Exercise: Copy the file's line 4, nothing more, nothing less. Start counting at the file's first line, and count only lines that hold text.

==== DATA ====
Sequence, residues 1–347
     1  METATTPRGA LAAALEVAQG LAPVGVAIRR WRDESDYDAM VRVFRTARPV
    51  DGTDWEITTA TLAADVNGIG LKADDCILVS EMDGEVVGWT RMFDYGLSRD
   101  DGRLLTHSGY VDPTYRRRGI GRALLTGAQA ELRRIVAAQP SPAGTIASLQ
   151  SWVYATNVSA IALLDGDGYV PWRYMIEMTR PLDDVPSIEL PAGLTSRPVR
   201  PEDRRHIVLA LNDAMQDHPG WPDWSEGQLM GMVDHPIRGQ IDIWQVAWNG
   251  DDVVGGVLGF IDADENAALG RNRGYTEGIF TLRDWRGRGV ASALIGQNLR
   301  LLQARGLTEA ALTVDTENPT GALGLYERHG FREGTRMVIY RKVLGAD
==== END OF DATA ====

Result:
   101  DGRLLTHSGY VDPTYRRRGI GRALLTGAQA ELRRIVAAQP SPAGTIASLQ